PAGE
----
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According to SocGen’s Brian Jones and Aneta Markowska, the QE3 question will be decided by the upcoming non-farm payrolls reports, and whether they slidee down again to the 100-150K range.The minutes of the March 13 FOMC meeting made it clear that the data on the US economy is just too murky for any new action, with employment and GDP going their separate ways. The Fed will remain sidelined until they have a better sense of which way these trends are going to converge. We think that demand trends will prevail in the end and the pace of hiring will decelerate sufficiently to put QE3 back on the table before June. But do not expect that from March employment figures. We are looking for some deceleration in the pace of hiring (to 190k in March), but likely upward revisions to prior months along with another drop in the unemployment rate should mitigate the impact of slightly slower payroll growth.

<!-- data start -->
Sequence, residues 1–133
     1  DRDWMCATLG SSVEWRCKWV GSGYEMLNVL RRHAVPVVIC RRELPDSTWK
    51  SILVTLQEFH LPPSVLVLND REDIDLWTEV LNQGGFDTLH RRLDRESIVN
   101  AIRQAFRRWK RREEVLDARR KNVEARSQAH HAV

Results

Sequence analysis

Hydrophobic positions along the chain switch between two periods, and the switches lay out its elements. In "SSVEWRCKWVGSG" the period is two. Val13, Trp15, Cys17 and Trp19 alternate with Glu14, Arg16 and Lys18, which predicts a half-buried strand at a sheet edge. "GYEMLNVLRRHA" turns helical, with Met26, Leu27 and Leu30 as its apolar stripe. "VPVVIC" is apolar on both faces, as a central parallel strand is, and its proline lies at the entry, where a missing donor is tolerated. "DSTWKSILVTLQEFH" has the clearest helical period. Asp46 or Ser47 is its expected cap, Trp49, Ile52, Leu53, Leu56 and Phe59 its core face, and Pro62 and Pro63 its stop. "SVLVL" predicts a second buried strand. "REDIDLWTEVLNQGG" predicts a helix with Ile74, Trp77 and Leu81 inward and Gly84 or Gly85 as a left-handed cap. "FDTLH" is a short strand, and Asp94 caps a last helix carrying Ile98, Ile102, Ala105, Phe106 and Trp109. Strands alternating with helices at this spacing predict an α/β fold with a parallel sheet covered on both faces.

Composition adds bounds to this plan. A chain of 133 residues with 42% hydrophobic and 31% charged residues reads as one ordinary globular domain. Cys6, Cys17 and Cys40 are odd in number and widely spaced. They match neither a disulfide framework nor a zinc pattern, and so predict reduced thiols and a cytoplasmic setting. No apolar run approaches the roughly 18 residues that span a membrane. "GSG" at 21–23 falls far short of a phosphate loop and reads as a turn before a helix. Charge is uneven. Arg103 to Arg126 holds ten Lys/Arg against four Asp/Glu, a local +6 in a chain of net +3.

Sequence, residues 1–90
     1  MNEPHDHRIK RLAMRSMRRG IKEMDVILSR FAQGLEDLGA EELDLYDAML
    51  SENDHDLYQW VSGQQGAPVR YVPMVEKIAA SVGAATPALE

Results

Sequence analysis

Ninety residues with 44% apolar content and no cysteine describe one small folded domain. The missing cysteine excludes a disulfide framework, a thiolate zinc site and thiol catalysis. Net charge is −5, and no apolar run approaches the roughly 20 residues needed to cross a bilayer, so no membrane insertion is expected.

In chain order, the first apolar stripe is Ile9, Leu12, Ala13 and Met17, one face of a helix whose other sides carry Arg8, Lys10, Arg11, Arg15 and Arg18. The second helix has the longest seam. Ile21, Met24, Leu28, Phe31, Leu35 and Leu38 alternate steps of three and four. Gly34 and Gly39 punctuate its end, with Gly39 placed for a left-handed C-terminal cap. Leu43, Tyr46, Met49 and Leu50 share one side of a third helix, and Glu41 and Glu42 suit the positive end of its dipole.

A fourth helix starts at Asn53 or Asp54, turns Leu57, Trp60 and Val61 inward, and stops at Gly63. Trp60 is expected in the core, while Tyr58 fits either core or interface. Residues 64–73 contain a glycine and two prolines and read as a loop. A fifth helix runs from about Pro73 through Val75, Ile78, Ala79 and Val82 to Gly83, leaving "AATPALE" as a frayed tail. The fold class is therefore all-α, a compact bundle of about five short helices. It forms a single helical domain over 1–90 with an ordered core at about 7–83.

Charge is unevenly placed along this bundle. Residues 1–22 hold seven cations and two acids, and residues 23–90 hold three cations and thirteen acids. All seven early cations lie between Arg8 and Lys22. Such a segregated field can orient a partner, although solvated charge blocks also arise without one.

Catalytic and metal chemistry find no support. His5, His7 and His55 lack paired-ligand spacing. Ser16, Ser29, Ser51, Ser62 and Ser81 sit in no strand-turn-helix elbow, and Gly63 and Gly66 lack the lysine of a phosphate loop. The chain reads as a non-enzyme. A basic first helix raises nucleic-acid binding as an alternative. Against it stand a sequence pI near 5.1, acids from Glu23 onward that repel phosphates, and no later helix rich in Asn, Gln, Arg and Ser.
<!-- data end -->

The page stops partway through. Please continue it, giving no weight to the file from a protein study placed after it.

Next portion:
Fed officials and most business economists are currentlystruggling with conflicting signals about the strength of the US economy. Employment and GDP data have gone their separate ways and it is not clear which set of indicators is telling us the truth. The minutes of the March 13 FOMC meeting made it clear the Fed will not take any actions until the conundrum is resolved. For QE3 to become reality, we need clear evidence that the economy is still growing at or slightly below trend. Since GDP numbers are already moving in the “right” direction, it is employment trends that will determine the fate of theFed’s balance sheet. In other words, the BLS (Bureau of labour 1Statistics) holds the key to QE3. We believe that a sustained deceleration toward the 100k-150k pace is required to put QE3 back on the table.